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You know…People change. This became blatantly apparent to me when I strapped an Apple Watch to my wrist and didn’t immediately burst into flames. A year ago if you had asked me about an Apple Watch I would have told you that for the right person, they are probably great. I couldn’t imagine being that person, however. This was all pre quarantine, before I was working from home, and before I couldn’t go to the Jiu Jitsu gym any longer. I found that I needed something that kept me accountable for how sedentary I was becoming. Working from home while not being able to go to the gym had me really out of touch with my physical activity level. Hard to ignore that with an Apple Watch.
Apple Watches serve a purpose — Are they watches? Sorta. Are they fitness trackers? Yes. Are they productivity tools? They can be. Before we get into this, let’s set a ground rule for this review: An Apple Watch is not for someone who has an unbending fascination with mechanical wristwatches. If you are unable to see past the “iDevice-ness” of an Apple Watch this isn’t for you.
Let’s get some specs out of the way:
- Case Width: 36.4mm
- Case Thickness: 13.5mm
- Lug to Lug: 42.5mm
- Depth Rating: 50m
- Weight: 7.1oz on the rubber strap
- Movement: Apple’s WatchOS powered by the S3 Dual Core Processor
- Lug Width: Proprietary
Unsurprisingly, the Apple Watch wears really nicely. This isn’t a shock because when you have a massive company like Apple trying to design the next product for the general population, a lot of thought must go into size, thickness, and overall comfort.
They make the Gen 3 Apple Watches in two sizes. I’ve heard these referred to the “boy size” at 42mm, and the “girl size” at 38mm. I guess it may all depend on your wrist size, my suggestion would be to try both on and make a decision from there. The watches, however, are not measured like traditional wrist watches. The 42mm measurement is not side to side like we’ve come to expect from timepieces, but rather top to bottom. This means that in reality, the 42mm version is just over 36mm wide, and 42mm long. When actually being worn this seems less problematic than the numbers would suggest.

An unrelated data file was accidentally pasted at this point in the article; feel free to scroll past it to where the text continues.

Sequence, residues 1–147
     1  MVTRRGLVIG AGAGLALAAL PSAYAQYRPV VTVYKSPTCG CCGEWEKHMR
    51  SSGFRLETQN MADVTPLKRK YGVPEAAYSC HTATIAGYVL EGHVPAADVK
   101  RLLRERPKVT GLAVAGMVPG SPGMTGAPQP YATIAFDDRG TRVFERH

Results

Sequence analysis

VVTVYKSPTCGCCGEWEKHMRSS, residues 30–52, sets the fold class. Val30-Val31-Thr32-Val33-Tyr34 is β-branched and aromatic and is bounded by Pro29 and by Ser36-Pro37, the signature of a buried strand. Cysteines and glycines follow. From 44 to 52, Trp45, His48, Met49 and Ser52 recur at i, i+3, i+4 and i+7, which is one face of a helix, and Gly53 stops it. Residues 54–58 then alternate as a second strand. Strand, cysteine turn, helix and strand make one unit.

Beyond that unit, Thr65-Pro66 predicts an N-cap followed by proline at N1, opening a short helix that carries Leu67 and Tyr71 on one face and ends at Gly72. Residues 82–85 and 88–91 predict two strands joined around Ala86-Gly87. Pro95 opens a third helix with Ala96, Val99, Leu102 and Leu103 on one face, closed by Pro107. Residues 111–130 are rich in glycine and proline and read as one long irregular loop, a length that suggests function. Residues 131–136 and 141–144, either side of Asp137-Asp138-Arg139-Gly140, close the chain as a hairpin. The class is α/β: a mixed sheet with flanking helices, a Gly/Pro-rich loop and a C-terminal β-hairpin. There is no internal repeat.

The watch is thin. It sits nicely on the flat of my ~7” wrist and would easily slip under a sleeve cuff if I was the type to wear such a thing. Honestly the lug to lug size is just about perfect for me with the rubber strap meeting the curvature of my wrist just about perfectly.
Man, how do I talk about an operating system in the same way I would a watch movement? The thing to keep in mind about a smart watch is that you’re not really going to factor in accuracy, obviously. These watches are always on time as long as they have charge and a signal to your phone.
So moving past timekeeping what is there to discuss? Well, I think the first thing I want to highlight is any sort of productivity use. Having access to the notifications on your phone at a glance without needing to remove your phone from your pocket, for me; prevents any sort of deeper diving. For example, if your significant other texts you just to ask a favor or tell you something you can quickly see the message on your wrist. If you were to pull your phone out of your pocket and read the message you might be tempted to then check your IG notifications, what about facebook, ebay? Etc etc… As with everything, your mileage may vary.
Second, fitness or activity monitoring. I think this is a really key part of what the Apple Watch does for people. Everything from being able to track your “rings,” to simple reminders to stand up for a few moments after you’ve been sitting a while. Due to current world events, I have been working exclusively from home. So that’s 8 hours a day (at least) in front of my computer, at my desk, in my home office. Getting a little ping on the wrist every so often suggesting that I should get up and walk around for a couple minutes is a good reminder to unplug from time to time.
Let’s not forget safety. Apple Watches (and iPhones for that matter) have Emergency SOS call features built in. Holding down the side button on either device will initiate a countdown, if you let the timer elapsed the watch/phone will call 911 and send your GPS location to emergency services and your emergency contacts designated in the health app. I’ve seen this used once and it’s a super valuable tool that you hope to never need. Additionally, the newest Gen 5 Apple Watches have fall detection; meaning if the watch detects a hard fall it will ask you if you’re alright and give you the option to call 911 as well.
Apart from these three major use-cases… I think the potential of an apple watch folding itself into your life is somewhat limitless. Perhaps only hemmed in by the apps that have been developed thus far. So it’s worth doing some digging to see how you could best use one.